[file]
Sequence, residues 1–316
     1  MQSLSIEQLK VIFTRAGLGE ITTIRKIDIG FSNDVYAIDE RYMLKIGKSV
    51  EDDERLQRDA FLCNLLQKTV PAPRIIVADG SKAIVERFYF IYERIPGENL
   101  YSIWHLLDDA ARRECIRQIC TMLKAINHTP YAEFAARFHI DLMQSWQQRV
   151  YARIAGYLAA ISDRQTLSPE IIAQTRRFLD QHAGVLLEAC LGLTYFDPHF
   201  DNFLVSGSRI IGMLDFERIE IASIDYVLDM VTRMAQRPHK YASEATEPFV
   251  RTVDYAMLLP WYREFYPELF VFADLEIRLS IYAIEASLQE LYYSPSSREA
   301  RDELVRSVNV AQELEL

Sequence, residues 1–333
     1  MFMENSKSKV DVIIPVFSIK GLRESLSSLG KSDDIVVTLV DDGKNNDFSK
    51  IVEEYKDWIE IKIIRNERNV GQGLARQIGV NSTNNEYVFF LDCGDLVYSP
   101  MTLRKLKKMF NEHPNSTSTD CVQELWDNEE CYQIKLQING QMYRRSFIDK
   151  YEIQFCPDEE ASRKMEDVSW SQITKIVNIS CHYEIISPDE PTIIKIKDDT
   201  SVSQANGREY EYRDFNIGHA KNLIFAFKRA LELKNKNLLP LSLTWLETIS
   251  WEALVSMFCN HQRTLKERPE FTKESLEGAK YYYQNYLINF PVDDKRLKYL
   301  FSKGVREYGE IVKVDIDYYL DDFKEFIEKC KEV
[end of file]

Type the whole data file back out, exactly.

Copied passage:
Sequence, residues 1–316
     1  MQSLSIEQLK VIFTRAGLGE ITTIRKIDIG FSNDVYAIDE RYMLKIGKSV
    51  EDDERLQRDA FLCNLLQKTV PAPRIIVADG SKAIVERFYF IYERIPGENL
   101  YSIWHLLDDA ARRECIRQIC TMLKAINHTP YAEFAARFHI DLMQSWQQRV
   151  YARIAGYLAA ISDRQTLSPE IIAQTRRFLD QHAGVLLEAC LGLTYFDPHF
   201  DNFLVSGSRI IGMLDFERIE IASIDYVLDM VTRMAQRPHK YASEATEPFV
   251  RTVDYAMLLP WYREFYPELF VFADLEIRLS IYAIEASLQE LYYSPSSREA
   301  RDELVRSVNV AQELEL

Sequence, residues 1–333
     1  MFMENSKSKV DVIIPVFSIK GLRESLSSLG KSDDIVVTLV DDGKNNDFSK
    51  IVEEYKDWIE IKIIRNERNV GQGLARQIGV NSTNNEYVFF LDCGDLVYSP
   101  MTLRKLKKMF NEHPNSTSTD CVQELWDNEE CYQIKLQING QMYRRSFIDK
   151  YEIQFCPDEE ASRKMEDVSW SQITKIVNIS CHYEIISPDE PTIIKIKDDT
   201  SVSQANGREY EYRDFNIGHA KNLIFAFKRA LELKNKNLLP LSLTWLETIS
   251  WEALVSMFCN HQRTLKERPE FTKESLEGAK YYYQNYLINF PVDDKRLKYL
   301  FSKGVREYGE IVKVDIDYYL DDFKEFIEKC KEV